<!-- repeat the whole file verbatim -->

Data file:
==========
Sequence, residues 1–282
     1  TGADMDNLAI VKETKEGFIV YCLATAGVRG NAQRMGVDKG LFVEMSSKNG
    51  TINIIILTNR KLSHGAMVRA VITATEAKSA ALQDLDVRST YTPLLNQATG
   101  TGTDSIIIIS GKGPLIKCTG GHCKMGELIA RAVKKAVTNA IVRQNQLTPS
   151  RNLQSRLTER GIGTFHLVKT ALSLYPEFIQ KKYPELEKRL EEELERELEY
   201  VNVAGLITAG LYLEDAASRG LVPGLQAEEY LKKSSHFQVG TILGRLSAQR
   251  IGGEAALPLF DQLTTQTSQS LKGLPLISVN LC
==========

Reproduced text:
Sequence, residues 1–282
     1  TGADMDNLAI VKETKEGFIV YCLATAGVRG NAQRMGVDKG LFVEMSSKNG
    51  TINIIILTNR KLSHGAMVRA VITATEAKSA ALQDLDVRST YTPLLNQATG
   101  TGTDSIIIIS GKGPLIKCTG GHCKMGELIA RAVKKAVTNA IVRQNQLTPS
   151  RNLQSRLTER GIGTFHLVKT ALSLYPEFIQ KKYPELEKRL EEELERELEY
   201  VNVAGLITAG LYLEDAASRG LVPGLQAEEY LKKSSHFQVG TILGRLSAQR
   251  IGGEAALPLF DQLTTQTSQS LKGLPLISVN LC